Even within the Law Commission’s report’s and submissions, there was no mention of shifting the burden of proof that I could find. Possible changes to consent definitions were canvassed, such as adding a positive definition of consent, rather than simply what doesn’t constitute consent. but no conclusions were made due to Judith Collins shelving the whole thing.

        • mickysavage 1.2.1.1

          I wonder NZ Femme if “would” in Little’s statement was meant to be “could”. This would then make it consistent with the policy.

    • Tracey 1.3

      i would like to see a victims sexual history being as irrelevant as an accused previous offending.

  2. karol 2

    The evidence presented in the articles micky refers to, puts into question the whole line being spun by the government that they have reduced crime. If the claims are correct, they are in fact enabling crime to prosper, while reducing the amount of investigating, charging and convictions.

    • ianmac 2.1

      Little V Espiner this morning. http://www.radionz.co.nz/audio/player/20140789 from 1:42min
      A fair explanation by Little of the need for change and to continue the Law Commission enquiry started but then stopped by National. Requires serious attention.
      Guyon does twist things though doesn’t he?
      1 in 3 women say they have suffered some form of sexual violence. Guyon turns that into 1 in 3 men must have committed violence. Really Guyon?

  3. Jrobin 3

    Guyon Espiner disgracefully used dog whistle politics in the Little interview. He puts a leading question to Little “are you saying that one in three men beat their partners?” This in response to Little’s very reasonable reference to often reported stats in which one in three women have experienced intimate partner violence. This was ludicrously close to the leading question “when did you beat your wife?” . Espiner playing to his low life blogger friends who are stirring up hate and anger between women and men to advantage the National govt. How low are these men prepared to go?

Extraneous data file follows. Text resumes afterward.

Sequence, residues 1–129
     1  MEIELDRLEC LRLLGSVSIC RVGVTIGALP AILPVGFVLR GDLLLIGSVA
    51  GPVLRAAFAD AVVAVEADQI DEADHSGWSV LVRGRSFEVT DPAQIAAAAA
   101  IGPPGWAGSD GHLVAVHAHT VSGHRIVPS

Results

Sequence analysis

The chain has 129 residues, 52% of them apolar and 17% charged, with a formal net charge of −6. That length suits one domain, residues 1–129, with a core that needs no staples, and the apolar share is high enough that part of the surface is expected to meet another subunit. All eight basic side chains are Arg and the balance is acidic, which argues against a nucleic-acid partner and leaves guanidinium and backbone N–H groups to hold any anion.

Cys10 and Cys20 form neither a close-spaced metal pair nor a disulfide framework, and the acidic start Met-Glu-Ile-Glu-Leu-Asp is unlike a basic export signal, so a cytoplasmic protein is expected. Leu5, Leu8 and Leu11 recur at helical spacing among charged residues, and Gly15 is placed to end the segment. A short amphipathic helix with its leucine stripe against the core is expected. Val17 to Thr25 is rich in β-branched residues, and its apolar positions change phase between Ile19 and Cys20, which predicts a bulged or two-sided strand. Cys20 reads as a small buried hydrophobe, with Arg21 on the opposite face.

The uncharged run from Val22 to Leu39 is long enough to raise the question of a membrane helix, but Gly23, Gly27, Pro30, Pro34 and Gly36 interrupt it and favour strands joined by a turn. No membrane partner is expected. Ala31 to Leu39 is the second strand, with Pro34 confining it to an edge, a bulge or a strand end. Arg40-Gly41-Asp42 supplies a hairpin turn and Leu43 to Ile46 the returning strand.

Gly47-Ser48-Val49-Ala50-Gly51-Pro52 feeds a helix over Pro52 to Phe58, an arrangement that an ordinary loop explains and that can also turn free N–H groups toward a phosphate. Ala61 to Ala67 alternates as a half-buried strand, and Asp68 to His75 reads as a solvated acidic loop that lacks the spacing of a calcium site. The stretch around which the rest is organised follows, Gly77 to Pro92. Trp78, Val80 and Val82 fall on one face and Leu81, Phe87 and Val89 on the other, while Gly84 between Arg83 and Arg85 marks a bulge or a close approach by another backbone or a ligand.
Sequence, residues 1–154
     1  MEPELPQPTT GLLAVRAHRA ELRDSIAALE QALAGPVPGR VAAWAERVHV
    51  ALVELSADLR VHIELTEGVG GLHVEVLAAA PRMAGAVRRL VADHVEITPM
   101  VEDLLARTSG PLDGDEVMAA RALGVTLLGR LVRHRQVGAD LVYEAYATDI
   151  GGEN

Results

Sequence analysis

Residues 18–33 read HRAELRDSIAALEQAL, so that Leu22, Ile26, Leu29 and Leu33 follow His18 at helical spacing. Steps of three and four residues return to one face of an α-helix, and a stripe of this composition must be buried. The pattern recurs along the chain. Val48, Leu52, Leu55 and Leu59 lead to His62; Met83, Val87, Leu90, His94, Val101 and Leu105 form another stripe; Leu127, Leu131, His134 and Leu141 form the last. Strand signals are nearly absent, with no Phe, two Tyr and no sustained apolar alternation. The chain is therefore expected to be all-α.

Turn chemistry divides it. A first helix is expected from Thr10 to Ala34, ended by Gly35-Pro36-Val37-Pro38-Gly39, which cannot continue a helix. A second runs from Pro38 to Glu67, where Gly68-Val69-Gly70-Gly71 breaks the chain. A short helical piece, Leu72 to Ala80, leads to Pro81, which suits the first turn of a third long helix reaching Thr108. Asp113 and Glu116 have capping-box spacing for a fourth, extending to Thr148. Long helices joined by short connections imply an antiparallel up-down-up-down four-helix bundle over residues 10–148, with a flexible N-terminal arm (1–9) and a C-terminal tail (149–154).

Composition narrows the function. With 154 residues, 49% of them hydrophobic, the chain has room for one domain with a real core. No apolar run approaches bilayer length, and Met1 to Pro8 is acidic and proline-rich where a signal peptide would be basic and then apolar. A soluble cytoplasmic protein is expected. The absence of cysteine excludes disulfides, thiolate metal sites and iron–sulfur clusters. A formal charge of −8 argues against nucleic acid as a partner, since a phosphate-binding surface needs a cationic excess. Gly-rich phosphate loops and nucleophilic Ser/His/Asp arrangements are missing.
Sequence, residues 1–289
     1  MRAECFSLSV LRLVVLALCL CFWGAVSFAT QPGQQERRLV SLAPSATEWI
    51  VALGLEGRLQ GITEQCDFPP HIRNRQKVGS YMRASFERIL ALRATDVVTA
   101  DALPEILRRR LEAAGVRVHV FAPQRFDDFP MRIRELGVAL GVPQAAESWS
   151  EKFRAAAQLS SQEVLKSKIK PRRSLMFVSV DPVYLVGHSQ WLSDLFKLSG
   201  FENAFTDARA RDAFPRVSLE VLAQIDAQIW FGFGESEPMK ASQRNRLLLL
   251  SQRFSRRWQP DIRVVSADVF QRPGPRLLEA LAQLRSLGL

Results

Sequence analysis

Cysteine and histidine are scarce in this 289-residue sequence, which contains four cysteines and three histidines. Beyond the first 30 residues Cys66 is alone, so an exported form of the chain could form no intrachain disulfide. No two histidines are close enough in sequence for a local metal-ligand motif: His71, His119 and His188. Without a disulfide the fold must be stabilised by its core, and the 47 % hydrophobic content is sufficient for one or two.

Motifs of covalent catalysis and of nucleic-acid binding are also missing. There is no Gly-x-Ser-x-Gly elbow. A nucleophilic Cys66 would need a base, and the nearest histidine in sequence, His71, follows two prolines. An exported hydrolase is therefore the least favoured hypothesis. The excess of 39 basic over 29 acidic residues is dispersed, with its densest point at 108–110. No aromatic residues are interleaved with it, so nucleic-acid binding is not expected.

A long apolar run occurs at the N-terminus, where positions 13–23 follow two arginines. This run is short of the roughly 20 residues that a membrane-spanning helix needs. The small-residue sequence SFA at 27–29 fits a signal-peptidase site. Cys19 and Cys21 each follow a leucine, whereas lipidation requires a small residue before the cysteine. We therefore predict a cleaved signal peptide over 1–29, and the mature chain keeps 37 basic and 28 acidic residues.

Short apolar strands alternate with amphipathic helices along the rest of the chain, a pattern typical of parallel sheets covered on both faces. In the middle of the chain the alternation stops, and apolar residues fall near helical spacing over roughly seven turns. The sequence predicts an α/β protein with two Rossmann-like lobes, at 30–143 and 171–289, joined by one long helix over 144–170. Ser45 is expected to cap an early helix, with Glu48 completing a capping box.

4. Bill 4

    ffs ms! Just a cursory glance at the study behind that link should have alerted you to a screaming instance of barely veiled social darwinism.

    Only lower IQ people commit crime and indulge in delinquent behaviour like…pregnancy outside of marriage?!

    And the rising/falling curves that just happen to coincide with the application of the neo-liberal thumb screws are to be explained, not (at least in part) by people getting fucked over, and initial, understandably subsiding, reactions to that as the new norm beds in, but by….lead exposure!?

    I’m not saying that contaminants don’t have the potential to shape behaviour. But really? Stop sucking on the lead and we’ll all be higher IQed and therefore dinky, happy, perfectly behaved chappies?

  5. North 5

    From a source I respect (the party being close to the issue and having no reason to lie) I understand that in Northland in the period 2008-2013 reported burglary has increased by 38%.

    When asked whether in his understanding the incidence of crime overall had decreased he smiled wryly and answered, hardly cryptically – “It’s how you deal with the figures…….”. I took that to be a “no”.

    This whole business of “Crime has decreased under our watch…….” needs to be fully checked. It’s a fact that police have been told from on high to resort more frequently to warning and noting in previously routine arrest scenarios. It’s a fact that increasingly arrests are not progressed to prosecution. More ShonKey accounting soundbite ? Paraded as down to the wonder of TheGodKey and OravidaCollins ?

    Hope someone’s looking at this. Herald ‘Investigative’ jonolist Savage Jared……where are ya ? Take a break from OIA-ing eleven year old standard form letters. Check out what looks for all money to be cynical lying to the public why don’t ya ?

  6. bad12 6

    Is not the real question here, with regard to domestic violence reports, whether the Police ability to issue ‘safety orders’ is in fact lowering the severity of such reported domestic violence,

    The bare figures are suggestive of just that, although the reality might of course be something entirely different altogether,

    Whats wrong here of course is the usual ‘chimps’ accounting procedure where bare figures are produced, instead of a comprehensive study being put in place at the same point the Police were given the ‘tool’ of ‘safety orders’, and, we are all left to speculate as to what the figures mean…

  7. McFlock 7

    It’s another symptom of a sick society, setting it up so violent offenders aren’t charged and then boasting about the “lower” crime rate.

  8. RedBaronCV 8

    I have my doubts about those safety orders. They only keep someone away for a few days so are complainants and the kids having to move out at the end of those few days to keep themselves safe?

    Given that DV is usually an underreported crime a few hours cooling off is not an answer.

    Be interesting to hear from some of the groups on the ground whether this is a problem and any research on whether this is actullly working. After all these are not parking offences.